How inpatient treatment helped with my eating disorder
Realising she has an eating disorder was difficult for Clara, but the support she has gotten has really helped
November 14th 2012 was the day my life was turned upside down. After weeks of threats with being brought to the doctor and false promises on my half, I was surprised by my Mam with a doctor's appointment. Not happy but unable to reason anymore I reluctantly went.
The doctor was lovely. She asked me what I ate on a daily basis and how much I was exercising. I tried to be as honest with her as possible but I felt very guarded. She then took my weight and height before telling me about the body mass index (BMI) and where I came on the scale. However I didn’t pay much attention. I felt like she was just trying to scare me. She told me that I had an eating disorder called Anorexia Nervosa.
The doctors must be overreacting
‘Me? Little old Irish me?’ Only people in Hollywood have those types of conditions’ I thought, surely this doctor was mistaken but she was insistent on referring me to CAMHS, the Child and Adolescent Mental Health Services, something I never even knew existed. I felt confused and thought that the doctor was overreacting. Okay maybe I had let things go a little too far but I wasn’t unwell. I went to CAMHS ready to tell them the same.
To my surprise I was informed that I would need to be admitted as an emergency case to a psychiatric hospital. Sorry what?!? I didn’t even know that we had those types of facilities in Ireland, a 15 year old stigmatised me thought. I was sent to A&E to get an ECG and full blood work done. I was told how the fact that my periods had stopped could affect my fertility when I’m older. More scare tactics I thought. A couple days later at home I collapsed. I was terrified. Maybe I wasn’t okay, maybe I did need help, but I still wasn’t as sick as they were saying so I thought.
An eye opening conversation
My first day in hospital was a massive eye opener. I was told of my meal plan and bed rest schedule which seemed overwhelming as the thoughts of having every aspect of control taken from me was unnerving and frustrating. I asked a nurse if I could have a shower that evening to be told no. I didn’t understand. Should they not encourage me to be looking after myself? ‘I need to wash my hair though’ I explained. The nurse said that they could do that for me and help me shower if I needed as they were afraid I was too weak. ‘I’m fine and I’ll be really really quick too’ I tried to reason. The nurse paused before saying something which shocked me. She told me that not only was there concern about me being too weak but they also couldn’t take any chances in case I was doing exercises in there.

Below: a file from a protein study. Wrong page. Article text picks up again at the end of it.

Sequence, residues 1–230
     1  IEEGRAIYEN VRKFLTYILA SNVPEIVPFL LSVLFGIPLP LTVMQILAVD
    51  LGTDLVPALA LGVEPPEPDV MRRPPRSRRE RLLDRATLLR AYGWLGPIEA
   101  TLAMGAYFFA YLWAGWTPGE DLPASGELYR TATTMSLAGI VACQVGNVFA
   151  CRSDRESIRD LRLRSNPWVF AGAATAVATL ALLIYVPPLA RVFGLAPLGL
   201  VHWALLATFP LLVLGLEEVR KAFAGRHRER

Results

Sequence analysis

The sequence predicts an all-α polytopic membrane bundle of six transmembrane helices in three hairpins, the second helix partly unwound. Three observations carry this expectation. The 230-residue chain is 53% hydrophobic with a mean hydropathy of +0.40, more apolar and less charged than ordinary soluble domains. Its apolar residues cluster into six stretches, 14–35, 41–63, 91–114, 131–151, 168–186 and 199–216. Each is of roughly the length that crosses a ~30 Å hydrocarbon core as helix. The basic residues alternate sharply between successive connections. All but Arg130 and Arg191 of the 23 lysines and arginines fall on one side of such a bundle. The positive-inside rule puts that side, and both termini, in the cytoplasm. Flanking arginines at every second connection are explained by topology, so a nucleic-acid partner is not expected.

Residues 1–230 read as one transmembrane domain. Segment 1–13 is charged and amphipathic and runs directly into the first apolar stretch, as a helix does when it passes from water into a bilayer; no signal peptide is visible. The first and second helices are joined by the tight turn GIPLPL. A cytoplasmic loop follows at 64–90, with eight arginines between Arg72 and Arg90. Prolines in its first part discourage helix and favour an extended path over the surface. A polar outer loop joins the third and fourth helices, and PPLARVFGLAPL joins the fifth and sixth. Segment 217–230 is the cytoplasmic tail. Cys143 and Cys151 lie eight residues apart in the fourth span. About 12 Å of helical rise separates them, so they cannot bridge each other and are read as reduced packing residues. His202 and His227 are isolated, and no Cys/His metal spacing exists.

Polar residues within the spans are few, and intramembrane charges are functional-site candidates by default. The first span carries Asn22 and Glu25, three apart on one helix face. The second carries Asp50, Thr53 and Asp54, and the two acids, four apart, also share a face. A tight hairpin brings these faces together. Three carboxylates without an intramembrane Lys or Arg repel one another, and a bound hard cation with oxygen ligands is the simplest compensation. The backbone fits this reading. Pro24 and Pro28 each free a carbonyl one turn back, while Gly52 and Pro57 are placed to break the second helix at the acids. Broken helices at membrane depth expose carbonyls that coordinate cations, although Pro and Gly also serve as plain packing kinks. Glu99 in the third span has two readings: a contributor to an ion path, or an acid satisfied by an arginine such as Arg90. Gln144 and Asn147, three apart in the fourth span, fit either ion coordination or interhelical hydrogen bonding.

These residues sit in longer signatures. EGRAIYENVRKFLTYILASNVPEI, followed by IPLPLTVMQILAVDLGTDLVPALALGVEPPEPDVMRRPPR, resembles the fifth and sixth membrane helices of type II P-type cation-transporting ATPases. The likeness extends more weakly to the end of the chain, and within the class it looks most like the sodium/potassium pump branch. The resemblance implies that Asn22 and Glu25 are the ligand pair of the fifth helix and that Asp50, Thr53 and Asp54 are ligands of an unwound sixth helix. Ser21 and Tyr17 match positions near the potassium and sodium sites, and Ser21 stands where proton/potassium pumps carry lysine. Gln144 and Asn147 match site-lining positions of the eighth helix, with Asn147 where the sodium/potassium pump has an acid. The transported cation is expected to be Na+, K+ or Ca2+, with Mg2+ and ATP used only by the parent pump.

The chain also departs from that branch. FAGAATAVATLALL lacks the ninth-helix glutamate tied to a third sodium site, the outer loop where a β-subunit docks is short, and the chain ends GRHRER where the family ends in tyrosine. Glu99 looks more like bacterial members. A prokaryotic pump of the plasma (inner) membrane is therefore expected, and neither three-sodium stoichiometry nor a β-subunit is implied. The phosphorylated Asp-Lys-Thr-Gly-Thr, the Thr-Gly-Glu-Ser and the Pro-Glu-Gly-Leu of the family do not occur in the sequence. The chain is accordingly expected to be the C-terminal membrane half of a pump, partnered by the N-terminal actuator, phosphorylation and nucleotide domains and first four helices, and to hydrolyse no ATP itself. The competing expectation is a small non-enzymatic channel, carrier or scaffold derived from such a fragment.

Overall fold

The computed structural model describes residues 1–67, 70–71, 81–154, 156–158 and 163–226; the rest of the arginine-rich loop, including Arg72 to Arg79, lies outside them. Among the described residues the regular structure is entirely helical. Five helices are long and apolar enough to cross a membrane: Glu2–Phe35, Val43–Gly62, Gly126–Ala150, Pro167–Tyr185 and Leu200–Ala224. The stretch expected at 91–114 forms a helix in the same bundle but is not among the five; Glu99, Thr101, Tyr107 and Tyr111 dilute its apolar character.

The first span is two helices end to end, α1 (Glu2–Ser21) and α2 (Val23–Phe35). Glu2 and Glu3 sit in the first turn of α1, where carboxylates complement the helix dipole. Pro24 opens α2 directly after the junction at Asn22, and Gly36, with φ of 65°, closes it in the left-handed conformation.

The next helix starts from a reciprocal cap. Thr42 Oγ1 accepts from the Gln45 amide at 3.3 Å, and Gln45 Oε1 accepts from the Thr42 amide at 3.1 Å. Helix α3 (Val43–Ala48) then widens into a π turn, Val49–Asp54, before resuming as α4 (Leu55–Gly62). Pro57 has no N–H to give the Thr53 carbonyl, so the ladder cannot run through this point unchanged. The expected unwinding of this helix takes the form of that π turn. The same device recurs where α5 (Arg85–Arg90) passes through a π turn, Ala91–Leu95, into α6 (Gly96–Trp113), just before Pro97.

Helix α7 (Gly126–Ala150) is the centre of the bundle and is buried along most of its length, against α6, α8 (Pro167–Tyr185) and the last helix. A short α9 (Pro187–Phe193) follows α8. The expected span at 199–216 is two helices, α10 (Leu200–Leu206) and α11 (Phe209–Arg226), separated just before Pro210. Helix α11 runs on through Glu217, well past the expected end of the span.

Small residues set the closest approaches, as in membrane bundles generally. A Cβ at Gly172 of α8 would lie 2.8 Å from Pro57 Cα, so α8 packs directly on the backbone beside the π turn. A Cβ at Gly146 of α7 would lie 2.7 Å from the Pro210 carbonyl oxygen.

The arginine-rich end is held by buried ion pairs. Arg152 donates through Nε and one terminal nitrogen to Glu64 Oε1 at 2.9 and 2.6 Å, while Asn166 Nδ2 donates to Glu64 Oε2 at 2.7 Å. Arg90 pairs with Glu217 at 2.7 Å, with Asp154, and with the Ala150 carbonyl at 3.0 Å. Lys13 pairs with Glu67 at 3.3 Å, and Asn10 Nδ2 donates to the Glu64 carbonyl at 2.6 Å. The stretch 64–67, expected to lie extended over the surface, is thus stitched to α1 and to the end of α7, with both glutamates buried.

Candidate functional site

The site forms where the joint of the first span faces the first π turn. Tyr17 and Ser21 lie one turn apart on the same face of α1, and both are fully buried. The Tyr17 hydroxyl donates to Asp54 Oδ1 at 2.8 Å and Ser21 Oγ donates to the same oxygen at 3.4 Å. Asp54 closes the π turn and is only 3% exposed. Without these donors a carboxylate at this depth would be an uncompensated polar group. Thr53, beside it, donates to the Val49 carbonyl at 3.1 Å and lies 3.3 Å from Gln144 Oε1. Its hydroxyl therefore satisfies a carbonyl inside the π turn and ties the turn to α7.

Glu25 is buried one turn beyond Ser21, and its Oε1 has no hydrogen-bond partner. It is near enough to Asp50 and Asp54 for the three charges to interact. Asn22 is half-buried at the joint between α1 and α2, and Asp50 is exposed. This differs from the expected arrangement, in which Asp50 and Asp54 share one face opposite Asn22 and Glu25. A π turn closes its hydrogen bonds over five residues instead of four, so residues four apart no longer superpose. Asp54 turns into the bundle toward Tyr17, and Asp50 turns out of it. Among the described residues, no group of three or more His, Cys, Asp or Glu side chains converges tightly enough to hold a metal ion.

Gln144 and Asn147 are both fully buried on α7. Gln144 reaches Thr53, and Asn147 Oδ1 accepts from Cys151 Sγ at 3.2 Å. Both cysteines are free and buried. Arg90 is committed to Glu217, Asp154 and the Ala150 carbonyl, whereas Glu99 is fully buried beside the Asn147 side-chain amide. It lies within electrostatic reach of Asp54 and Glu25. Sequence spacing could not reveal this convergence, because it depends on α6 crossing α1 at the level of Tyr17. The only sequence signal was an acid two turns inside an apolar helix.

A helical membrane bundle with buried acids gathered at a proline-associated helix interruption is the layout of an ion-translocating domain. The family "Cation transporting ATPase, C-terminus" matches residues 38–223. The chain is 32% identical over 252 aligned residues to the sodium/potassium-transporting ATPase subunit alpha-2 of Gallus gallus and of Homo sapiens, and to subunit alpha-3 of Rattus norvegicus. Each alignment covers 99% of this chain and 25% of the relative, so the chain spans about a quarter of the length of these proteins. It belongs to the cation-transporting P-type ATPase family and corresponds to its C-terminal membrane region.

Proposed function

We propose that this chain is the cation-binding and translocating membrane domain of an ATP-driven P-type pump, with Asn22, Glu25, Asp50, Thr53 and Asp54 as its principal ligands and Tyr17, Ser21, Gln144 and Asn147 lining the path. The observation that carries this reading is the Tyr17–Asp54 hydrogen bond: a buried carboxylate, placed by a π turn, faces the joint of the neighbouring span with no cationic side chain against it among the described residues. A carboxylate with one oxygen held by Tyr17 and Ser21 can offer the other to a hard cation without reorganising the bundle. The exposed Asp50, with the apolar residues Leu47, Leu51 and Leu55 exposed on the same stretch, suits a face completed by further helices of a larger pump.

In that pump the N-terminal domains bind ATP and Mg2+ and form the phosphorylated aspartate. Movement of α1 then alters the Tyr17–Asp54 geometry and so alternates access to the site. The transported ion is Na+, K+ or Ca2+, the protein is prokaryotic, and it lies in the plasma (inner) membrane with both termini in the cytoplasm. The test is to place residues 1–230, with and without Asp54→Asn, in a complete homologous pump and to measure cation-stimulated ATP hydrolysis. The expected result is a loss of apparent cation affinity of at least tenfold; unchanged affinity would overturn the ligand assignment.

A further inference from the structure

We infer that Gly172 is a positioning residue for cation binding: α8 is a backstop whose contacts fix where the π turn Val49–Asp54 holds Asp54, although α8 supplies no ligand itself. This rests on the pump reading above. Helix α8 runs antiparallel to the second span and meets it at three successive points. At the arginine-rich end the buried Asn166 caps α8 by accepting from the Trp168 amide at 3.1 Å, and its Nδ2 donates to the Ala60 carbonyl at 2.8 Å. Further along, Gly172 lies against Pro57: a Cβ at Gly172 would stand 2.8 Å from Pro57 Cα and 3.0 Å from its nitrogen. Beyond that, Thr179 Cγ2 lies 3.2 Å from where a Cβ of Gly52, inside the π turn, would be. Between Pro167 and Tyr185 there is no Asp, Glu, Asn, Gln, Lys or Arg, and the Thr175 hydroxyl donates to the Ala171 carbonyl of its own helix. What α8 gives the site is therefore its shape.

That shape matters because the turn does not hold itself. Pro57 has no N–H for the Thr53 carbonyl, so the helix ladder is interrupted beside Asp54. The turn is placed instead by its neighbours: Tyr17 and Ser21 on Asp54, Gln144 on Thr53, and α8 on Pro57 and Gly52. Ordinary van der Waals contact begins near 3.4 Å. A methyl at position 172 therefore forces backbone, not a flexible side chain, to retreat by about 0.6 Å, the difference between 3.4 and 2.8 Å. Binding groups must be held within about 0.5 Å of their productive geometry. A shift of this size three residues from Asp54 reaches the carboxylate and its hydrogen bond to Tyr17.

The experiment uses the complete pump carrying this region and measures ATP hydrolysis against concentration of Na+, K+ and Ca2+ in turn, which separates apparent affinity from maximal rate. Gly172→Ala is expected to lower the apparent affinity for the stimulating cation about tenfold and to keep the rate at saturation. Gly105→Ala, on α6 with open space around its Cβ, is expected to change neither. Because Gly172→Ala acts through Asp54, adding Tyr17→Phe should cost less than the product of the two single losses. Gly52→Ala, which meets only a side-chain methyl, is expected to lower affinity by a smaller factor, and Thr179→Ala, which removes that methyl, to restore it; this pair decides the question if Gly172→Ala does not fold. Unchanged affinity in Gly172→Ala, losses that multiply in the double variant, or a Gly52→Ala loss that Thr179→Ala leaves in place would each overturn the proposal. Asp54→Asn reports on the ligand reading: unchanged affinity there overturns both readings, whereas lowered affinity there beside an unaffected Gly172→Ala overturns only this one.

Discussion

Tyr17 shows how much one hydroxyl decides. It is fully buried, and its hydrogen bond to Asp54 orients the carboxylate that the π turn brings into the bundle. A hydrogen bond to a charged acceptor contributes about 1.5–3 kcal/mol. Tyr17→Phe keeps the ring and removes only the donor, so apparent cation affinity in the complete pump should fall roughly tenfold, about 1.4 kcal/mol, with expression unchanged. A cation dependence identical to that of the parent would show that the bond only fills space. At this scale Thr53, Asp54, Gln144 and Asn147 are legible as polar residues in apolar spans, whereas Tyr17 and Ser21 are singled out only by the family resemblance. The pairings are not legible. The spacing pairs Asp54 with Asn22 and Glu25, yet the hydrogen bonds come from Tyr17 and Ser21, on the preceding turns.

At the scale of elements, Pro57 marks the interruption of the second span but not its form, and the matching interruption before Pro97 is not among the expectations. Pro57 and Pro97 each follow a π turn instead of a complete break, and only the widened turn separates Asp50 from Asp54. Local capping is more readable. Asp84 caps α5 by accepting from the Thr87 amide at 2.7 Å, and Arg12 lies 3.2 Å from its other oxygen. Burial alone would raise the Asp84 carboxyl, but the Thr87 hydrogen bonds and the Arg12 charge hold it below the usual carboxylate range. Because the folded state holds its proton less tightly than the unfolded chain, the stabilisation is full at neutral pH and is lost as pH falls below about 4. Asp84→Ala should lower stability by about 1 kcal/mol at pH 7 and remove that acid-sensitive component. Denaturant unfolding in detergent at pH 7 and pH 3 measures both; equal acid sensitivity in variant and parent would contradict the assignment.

Could she read my mind?? How did she know that’s what I was planning on doing? The realisation of the fact that I was actually unwell made more sense then her being a mind reading wizard, which hit hard. After that I made sure that I ate every single meal, snack, supplement put in front of me. I was determined to ‘get better’ even if I was still figuring out what that meant. I spent afternoons crying into dinners but I stuck it out and finished every mouth full even if it was through tears.
I began to recognise my nurses as experts who wanted to help me, not just people who wanted to make me fat. I began to trust them and soon realised that my condition actually had very little to do with my appearance and was just a coping mechanism for when I felt unable to manage. I didn’t just want to be skinny, I wanted to be okay – both in myself and in my life.
I was by no means ‘cured’ when I got out of hospital, it was just the beginning to be honest.
I started CBT (Cognitive Behavioural Therapy) which was hard and left me exhausted but the more I practiced it the easier it got and I realised that I was able to use different, healthier skills when things got tough rather than restrict my food and punish myself. Through finding my voice I found hope and a sense of empowerment.
I am now preparing for my last year in college training to be a psychiatric nurse which still seems surreal at times. I’ve never felt more grateful to be alive and healthy which for a long time is something I didn’t know if I’d get to experience. There were a lot of times when I didn’t think I would make it to this point in my life and so my message to anyone struggling would be to hang on and reach out. Whatever the situation, there are people who want to help you and while things may seem unbearable right now, you have more to give and more to live for.